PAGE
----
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Mexican Sign Language:
 

Sunday, April 5, 2009
By Alejandro Rodriguez
"ASL and Mexico"

I occasionally visit family in a small town in Mexico by the name of Santa Maria del Valle Jalisco. It is a very small town that only has the basic businesses and institutions. There are a few elementary school and only about a couple of high schools. I mention the size of the town because a small town like this could not afford an institution for my deaf friend that I have in Mexico. I was about 8 years old when I made friends with a boy named Eden. Eden was the youngest of four brothers. Only one of the brothers was hearing while the rest of the brothers were born deaf. I remember meeting Eden and trying to communicate with him and being told that he was not able to hear. I eventually learned how to communicate with him through signs that had been created by those around him. Till this day when I go back I continue to communicate with my friend with a made up language. I wondered later if there was any form of education or institutions for the deaf in Mexico.

I began to look at some statistics in Mexico and found out that in Signed Languages of Mexico (2008) Mexican Sign Language is the most used in the country. There are about 87,000 to 100,000 users of MSL of about 1,300,000 deaf persons (Gordon, 2005). Although it might have certain similarities with American Sign Language it has its own grammar and vocabulary. LSM as it is known in Mexico is a language that can be learned without knowing Spanish and is influenced by French Sign Language ( Dellinger, Eatough, Faurot, Parkhurst, 2008). There are institutions in Mexico that try to provide education for the deaf and one such group is that of Con Mis Manos which is located in the City of Matamoros. As a Christian group Con mis manos promotes educating the deaf to be able to interact with the public (Con mis Manos). The group works with the deaf and their families to educate and give vocational training and at the same time teach Christianity (2008).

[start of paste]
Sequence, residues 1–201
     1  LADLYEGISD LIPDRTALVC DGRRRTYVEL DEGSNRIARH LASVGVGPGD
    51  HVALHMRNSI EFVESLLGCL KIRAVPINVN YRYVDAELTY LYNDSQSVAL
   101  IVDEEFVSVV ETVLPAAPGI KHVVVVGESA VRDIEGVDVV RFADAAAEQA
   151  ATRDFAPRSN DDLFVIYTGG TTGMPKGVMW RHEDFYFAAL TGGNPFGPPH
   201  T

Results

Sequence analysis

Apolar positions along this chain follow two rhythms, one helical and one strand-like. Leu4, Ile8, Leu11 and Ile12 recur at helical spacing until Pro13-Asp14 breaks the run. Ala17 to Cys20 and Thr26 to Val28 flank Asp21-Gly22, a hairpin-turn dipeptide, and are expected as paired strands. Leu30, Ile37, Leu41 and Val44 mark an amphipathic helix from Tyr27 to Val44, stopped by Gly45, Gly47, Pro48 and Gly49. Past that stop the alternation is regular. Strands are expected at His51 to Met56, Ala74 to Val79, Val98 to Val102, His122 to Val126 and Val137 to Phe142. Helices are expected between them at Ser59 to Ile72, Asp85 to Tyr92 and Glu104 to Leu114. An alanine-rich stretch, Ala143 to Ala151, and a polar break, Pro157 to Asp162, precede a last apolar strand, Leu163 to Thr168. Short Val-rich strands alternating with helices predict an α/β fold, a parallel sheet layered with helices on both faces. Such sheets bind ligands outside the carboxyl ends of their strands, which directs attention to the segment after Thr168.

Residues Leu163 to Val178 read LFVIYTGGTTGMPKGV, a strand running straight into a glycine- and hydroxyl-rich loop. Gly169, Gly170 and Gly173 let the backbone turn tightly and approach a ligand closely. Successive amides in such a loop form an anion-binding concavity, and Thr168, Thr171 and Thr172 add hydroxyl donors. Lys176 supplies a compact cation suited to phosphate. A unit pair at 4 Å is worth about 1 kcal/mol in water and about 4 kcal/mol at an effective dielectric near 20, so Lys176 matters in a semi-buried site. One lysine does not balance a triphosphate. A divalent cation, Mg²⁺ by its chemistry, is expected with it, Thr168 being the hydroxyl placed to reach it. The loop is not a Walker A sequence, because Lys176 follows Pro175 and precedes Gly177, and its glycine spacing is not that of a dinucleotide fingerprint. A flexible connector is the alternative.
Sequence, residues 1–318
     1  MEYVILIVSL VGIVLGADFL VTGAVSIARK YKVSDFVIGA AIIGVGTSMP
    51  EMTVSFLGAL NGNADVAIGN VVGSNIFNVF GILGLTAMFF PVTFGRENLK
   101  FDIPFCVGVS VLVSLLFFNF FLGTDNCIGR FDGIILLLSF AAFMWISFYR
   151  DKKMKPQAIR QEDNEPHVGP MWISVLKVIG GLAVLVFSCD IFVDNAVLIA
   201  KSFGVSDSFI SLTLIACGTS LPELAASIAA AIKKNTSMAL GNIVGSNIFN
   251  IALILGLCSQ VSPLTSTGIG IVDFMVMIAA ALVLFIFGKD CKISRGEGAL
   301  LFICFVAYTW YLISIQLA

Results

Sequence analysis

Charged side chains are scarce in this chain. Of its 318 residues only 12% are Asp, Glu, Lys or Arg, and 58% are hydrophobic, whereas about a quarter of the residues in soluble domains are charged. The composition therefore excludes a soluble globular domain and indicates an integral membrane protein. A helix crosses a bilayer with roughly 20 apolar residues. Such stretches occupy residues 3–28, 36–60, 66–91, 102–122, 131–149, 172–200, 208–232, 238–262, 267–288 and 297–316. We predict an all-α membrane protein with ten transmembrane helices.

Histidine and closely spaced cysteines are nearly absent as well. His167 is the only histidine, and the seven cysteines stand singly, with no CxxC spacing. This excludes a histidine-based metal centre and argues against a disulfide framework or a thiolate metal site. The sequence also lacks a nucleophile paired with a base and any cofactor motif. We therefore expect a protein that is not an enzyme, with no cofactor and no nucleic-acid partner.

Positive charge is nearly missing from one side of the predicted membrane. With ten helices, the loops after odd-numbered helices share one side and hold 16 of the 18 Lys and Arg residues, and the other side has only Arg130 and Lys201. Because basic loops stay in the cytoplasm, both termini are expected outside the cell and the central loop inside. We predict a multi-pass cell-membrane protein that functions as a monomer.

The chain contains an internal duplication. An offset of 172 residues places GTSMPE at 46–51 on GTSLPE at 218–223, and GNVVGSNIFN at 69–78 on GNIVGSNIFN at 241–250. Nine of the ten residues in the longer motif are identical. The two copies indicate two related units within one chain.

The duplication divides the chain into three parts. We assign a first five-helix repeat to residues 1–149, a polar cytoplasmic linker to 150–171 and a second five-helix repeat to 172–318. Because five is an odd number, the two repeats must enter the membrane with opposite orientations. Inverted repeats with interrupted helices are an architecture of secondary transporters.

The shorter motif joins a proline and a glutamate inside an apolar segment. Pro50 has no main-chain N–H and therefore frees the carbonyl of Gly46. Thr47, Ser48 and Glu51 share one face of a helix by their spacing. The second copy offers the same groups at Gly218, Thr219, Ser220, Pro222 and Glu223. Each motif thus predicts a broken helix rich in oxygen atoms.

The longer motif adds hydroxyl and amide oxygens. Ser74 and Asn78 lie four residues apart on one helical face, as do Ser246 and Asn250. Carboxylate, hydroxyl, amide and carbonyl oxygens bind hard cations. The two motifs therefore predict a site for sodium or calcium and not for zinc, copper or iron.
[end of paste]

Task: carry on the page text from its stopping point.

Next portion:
The problem faced in Mexico is that only large cities are able to hold institutions which support the deaf. Depalma (1997) wrote about the barriers faced by deaf individuals in Mexico. He reported that the deaf were not able to obtain licenses, buy houses without a hearing co-signer and were limited to 6 schools for the deaf (1997). Depalma also mentioned that many deaf were heading up north to the United States because of the increased opportunities that the deaf could receive. Depalma mentioned that 80 percent of deaf adults in Mexico travel illegally to the United States because of the greater possibilities that the deaf have in the United States.

Small towns like those of my town in Mexico do not have sufficient means for teaching the deaf and so children like Eden grow up not knowing how to read or even how to spell their own name. I look at the situations faced by the deaf in Mexico and look at the changes that have been made here in the United States and I am glad that there is ASL classes now being taught in a variety of institutions. Hopefully these same institutions can spread out in Mexico and give other people an opportunity to grow.

Works Cited

Con Mis Manos. (n.d.). Con Mis Manos Help Center for Deaf Children. In Deafness. Retrieved April 01, 2009, from http://www.conmismanos.org/conmismanos/deafinmx.htm.

Dellinger, D., Eatough, A., Faurot, K., Parkhurst, S.,. (2008). Summer Institute of Linguistics in Mexico. In The Identity of Mexican Sign As a Language. Retrieved April 01, 2009, from http://www.sil.org/mexico/lenguajes-de-signos/00i-signed-languages.htm.

Depalma, A., (1997). In Mexico, Deaf Find The Future Lies North. The New York Times. Retrieved from http://www.nytimes.com/1997/07/26/nyregion/in-mexico-deaf-find-the-future-lies-north.html?sec=health.
Gordon, R, G., Jr. (ed.), 2005. Ethnologue: Languages of the World, 15th Ed. Dallas, Tex.: SIL International. Retrieved April 01, 2009 from http://www.ethnologue.com/.
 


 


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